This figure presents high efficiency and high power CMOS amplifiers operating at K-band frequencies. The amplifiers employed the series-bias technique to increase the operating voltage and achieved a high output power level. The technique also allowed the power amplifiers to operate at a low DC current and thus high efficiency was obtained.

 Q-band CMOS power amplifier

A high efficiency Q-band CMOS power amplifier was fabricated using a 0.13 μm standard CMOS process with six layers of copper metallization. To achieve high efficiency, a tapered device sizing technique was employed with a common-source transistor rather than a cascode configuration. Using tapered device sizing, DC power consumption was reduced by using small size transistors in the driver stage while maintaining the overall amplifier gain and output power.  

 

Standard 0.13 μm CMOS backend provided a thin copper top metal. The loss of a transmission line 6 μm wide was -1.1 dB/mm at 25 GHz for thin copper metal (0.9 μm), while the loss was -0.65 dB/mm using a thick (3 um) copper metallization option. The result shows that thick metal in general has low loss, but it is possible to use a standard digital process for cost reduction.

3-stage Q-band power amplifier

This figure shows the circuit of a 3-stage Q-band power amplifier. The unit finger width was 2 μm, and the size of the transistors was tapered to increase the amplifier efficiency while providing reasonable output power. In general, SiGe HBT technology can provide higher power gain than CMOS technology at millimeter-wave frequencies. Also, there are relatively large losses in the matching network implemented using transmission lines and inductors fabricated using a standard CMOS backend.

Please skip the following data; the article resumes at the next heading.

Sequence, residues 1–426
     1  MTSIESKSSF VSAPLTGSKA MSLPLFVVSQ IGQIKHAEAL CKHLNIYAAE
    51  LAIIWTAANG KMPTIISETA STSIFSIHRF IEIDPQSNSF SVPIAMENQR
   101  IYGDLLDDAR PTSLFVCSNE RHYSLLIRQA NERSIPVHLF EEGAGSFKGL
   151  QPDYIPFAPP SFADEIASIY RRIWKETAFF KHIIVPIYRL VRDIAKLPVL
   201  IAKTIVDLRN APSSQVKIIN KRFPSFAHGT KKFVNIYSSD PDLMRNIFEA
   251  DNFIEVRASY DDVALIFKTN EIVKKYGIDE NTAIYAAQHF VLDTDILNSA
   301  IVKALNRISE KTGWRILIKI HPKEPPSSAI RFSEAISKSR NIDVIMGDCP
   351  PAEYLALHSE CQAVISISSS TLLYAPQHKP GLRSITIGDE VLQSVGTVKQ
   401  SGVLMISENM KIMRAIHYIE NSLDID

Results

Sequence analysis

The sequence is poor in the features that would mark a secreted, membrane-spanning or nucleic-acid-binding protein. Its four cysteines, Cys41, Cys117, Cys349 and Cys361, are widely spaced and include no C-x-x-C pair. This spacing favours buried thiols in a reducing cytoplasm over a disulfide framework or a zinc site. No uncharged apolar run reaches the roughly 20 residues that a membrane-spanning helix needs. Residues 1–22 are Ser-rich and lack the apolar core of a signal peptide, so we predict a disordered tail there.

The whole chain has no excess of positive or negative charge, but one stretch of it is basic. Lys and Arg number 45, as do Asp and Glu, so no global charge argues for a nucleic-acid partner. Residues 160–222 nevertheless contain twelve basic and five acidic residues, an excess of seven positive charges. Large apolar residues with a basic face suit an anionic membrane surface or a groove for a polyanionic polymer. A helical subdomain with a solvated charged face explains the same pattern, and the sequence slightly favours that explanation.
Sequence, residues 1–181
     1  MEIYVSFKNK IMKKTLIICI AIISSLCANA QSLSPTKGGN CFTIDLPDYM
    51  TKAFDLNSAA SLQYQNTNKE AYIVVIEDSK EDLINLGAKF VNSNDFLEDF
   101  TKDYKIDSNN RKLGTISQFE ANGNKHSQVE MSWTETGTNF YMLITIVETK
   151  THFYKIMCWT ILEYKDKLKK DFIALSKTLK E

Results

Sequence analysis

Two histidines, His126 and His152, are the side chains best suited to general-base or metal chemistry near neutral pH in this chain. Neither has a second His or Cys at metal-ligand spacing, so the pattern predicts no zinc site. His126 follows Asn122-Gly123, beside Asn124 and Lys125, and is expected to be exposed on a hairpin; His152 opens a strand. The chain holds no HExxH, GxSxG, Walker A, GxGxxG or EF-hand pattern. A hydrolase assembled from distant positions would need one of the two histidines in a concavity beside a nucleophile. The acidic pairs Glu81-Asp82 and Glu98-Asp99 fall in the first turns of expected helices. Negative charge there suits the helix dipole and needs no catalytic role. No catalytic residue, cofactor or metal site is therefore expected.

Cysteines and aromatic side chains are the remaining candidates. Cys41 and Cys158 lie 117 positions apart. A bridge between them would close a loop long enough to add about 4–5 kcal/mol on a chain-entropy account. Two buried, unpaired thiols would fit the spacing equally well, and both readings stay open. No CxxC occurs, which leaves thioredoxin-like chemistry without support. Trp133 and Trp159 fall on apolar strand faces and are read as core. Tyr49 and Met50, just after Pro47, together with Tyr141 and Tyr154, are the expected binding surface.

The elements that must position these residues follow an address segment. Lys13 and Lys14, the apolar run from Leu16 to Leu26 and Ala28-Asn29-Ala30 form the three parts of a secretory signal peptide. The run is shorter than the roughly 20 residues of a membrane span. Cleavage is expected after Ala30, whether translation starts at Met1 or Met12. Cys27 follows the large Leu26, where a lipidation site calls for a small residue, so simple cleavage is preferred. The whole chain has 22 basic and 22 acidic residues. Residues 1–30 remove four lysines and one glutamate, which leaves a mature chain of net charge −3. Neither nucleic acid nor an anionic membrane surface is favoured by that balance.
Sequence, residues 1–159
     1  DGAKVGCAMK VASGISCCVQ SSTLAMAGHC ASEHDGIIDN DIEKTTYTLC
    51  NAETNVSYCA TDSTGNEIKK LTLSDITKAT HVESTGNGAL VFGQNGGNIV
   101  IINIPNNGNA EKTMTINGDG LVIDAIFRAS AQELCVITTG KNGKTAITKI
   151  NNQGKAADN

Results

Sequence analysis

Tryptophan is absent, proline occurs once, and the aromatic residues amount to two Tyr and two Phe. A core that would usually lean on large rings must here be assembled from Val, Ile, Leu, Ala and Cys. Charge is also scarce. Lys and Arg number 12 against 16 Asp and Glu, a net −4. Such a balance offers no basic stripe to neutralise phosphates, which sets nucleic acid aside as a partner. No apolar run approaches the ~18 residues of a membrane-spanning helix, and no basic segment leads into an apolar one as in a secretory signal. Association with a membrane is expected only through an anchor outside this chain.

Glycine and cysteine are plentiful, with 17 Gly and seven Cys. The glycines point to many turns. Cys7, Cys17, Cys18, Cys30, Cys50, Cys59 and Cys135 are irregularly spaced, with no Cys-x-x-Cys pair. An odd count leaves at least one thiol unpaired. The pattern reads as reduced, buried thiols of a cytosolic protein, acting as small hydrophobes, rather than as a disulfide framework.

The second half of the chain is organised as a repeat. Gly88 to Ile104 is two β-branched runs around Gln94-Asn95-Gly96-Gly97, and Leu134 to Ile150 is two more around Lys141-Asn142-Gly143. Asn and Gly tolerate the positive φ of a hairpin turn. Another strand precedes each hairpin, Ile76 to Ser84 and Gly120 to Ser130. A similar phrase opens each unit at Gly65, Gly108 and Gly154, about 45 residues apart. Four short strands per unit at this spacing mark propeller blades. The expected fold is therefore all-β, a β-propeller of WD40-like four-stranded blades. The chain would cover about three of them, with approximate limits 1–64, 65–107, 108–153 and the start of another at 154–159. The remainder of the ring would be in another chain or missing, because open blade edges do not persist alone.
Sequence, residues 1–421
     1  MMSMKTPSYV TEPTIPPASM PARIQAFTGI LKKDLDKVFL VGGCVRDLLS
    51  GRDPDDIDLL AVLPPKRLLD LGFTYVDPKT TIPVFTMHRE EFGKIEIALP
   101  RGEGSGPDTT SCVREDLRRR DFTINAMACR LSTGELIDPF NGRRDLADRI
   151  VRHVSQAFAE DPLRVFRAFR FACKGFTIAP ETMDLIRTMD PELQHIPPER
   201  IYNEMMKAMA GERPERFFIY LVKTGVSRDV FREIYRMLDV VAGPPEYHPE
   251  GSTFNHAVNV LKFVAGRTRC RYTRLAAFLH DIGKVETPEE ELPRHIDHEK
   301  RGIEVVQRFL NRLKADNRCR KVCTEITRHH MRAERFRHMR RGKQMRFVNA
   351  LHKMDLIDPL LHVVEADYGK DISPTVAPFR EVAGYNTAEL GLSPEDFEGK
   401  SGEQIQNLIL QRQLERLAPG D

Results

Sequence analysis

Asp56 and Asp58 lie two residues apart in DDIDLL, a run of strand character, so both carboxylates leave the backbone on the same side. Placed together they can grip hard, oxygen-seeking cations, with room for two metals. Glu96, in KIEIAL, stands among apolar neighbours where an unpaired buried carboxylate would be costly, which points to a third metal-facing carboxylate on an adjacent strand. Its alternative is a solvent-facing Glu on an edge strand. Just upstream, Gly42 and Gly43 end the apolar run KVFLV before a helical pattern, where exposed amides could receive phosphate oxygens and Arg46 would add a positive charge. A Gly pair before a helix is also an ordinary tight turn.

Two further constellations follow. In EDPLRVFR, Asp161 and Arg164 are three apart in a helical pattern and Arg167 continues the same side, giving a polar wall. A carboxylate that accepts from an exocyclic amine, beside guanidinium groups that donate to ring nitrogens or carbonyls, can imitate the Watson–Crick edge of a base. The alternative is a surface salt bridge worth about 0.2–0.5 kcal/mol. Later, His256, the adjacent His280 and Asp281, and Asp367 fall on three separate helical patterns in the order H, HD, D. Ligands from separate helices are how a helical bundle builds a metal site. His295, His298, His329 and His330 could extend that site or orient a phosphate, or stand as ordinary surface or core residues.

Voltage controlled oscillator (VCO)

we present a novel low power voltage-controlled-oscillator (VCO) structure based on bandwidth enhancement technique. The VCO was fabricated in 0.13 μm standard CMOS process having 6 layers of copper metallization. Due to broadband nature of the enhanced oscillator structure, the VCO operates at a low supply voltage of 0.5 V while consuming 1 mW power. The oscillation frequency ranges from 4.48 to 4.82 GHz with a turning range of 7.5 %.

Vackar VCO

we present measured performance of differential Vackar voltage-controlled oscillator (VCO) implemented for the first time in CMOS technology. The Vackar VCO provides good isolation between the LC tank and loss-compensating active circuit, thus, excellent frequency stability is achieved over frequency tuning range. The Vackar VCO was implemented using nMOS transistors and LC tank in 0.18 μm RF CMOS process.

Clapp VCO

An excellent phase noise differential Clapp VCO fabricated in CMOS technology is presented in this papers. The VCO operates at the frequency of 4.6GHz and consumes a power of 4.2mW with 1.0 V voltage supply, the VCO show a very good phase noise is about -119dBc/Hz at 1MHz offset. Comparative analysis was performed on the gm (start-up) and oscillation amplitude condition including transistor parasitic for common-drain and common-gate.